The appointment of an Electoral Commissioner has vexed the counsel for the plaintiff challenging the President’s powers to do so as the Supreme Court prepares to hear the constitutional matter.
According to the lawyer, Alexander Afenyo-Markins, “a big trap has been set for the Judiciary” whose eventual ruling will either challenge the president’s authority or confirms his powers.
Lawyer Afenyo-Markins was reacting to news that President John Mahama has appointed Charlotte Osei as the next Electoral Commissioner following the retirement of Dr. Kwadwo Afari Gyan who leaves over 20 years at the helm of Ghana’s electoral system.
The lawyer had in May filed the suit at the Supreme Court on the instructions of his client, a broadcast journalist Richard Sky of Citi FM.
His client argues that it is the Council of State has the sole authority to initiate the appointment process and suggest a binding list of candidates to the president.
Richard Dela Sky
The journalist wants the Supreme Court to “determine true and proper meaning of constitutional provisions” in Article 70(2) and Article 91(3)of the 1992 Constitution that relate to the process of appointing an Electoral Commissioner.
The next hearing is on 4 July.
But in a move that has come as a surprise to the plaintiff, the President has effected an appointment that makes Charlotte Osei the first female Electoral Commissioner since independence.
The move by the president has sparked debate over whether or not the decision by President John Mahama ignores the viability of a legal process underway in the Supreme Court.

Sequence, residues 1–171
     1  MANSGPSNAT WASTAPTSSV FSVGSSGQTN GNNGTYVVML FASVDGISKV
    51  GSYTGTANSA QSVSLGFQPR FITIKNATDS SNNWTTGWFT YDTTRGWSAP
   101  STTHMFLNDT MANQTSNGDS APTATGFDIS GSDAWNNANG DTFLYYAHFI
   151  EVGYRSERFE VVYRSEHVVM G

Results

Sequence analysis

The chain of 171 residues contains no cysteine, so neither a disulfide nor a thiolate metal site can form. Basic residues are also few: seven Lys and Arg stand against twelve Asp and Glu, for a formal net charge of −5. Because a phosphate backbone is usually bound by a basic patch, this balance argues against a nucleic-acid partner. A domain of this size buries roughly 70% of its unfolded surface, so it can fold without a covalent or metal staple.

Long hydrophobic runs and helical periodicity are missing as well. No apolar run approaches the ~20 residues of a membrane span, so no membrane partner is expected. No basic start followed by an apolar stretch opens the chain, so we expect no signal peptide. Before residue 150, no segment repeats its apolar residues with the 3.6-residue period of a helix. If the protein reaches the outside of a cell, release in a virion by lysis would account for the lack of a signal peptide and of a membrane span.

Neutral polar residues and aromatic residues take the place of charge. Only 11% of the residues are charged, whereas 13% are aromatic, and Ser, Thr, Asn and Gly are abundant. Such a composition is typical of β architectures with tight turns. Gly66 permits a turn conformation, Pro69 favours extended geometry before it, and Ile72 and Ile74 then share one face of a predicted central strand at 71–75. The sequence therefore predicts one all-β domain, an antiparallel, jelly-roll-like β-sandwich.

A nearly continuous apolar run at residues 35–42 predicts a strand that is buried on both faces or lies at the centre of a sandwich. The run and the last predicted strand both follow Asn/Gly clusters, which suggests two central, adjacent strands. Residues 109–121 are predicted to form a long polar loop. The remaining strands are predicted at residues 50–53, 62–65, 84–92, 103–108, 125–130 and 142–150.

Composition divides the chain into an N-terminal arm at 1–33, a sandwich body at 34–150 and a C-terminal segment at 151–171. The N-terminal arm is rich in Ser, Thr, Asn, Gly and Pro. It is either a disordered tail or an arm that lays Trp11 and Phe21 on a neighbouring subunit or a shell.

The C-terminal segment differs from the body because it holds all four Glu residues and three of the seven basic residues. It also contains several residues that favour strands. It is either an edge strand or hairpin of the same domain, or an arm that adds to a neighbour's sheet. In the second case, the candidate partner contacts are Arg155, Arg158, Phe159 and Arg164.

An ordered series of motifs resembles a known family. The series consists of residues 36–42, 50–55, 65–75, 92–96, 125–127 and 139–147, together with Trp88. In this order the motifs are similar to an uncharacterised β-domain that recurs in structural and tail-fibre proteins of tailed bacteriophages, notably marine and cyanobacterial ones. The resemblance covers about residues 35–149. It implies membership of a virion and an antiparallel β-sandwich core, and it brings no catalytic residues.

Although Alexander Afenyo-Markins believes the action by the president “would not change the outcome of the matter” he is nonetheless “disappointed” that the president seems to be in a rush.
He wonders why the President cannot “restrain” himself and “await a final determination” by the courts.
Deputy Minority Leader Dominic Nitiwul supported the position taken by the plaintiff. He would have wished that the president could have waited.
“He knows that there is a case, he knows the court has set a date, he knows that the Attorney-General is in court… what if the court disagrees with what the president has done?”
Providing further perspective, Dean of the GIMPA Law School Kofi Abotsi argues that the action of the president will not prejudice the court.
This is because, the Supreme Court will take a decision based on “purely” constitutional matters.
Lawyer Abotsi explained that anybody is entitled to make his own interpretation of the constitution including the president.
But once the Supreme Court decides for example in quashing the decision by the president, it would be deemed that the President never appointed Charlotte Osei, he stated.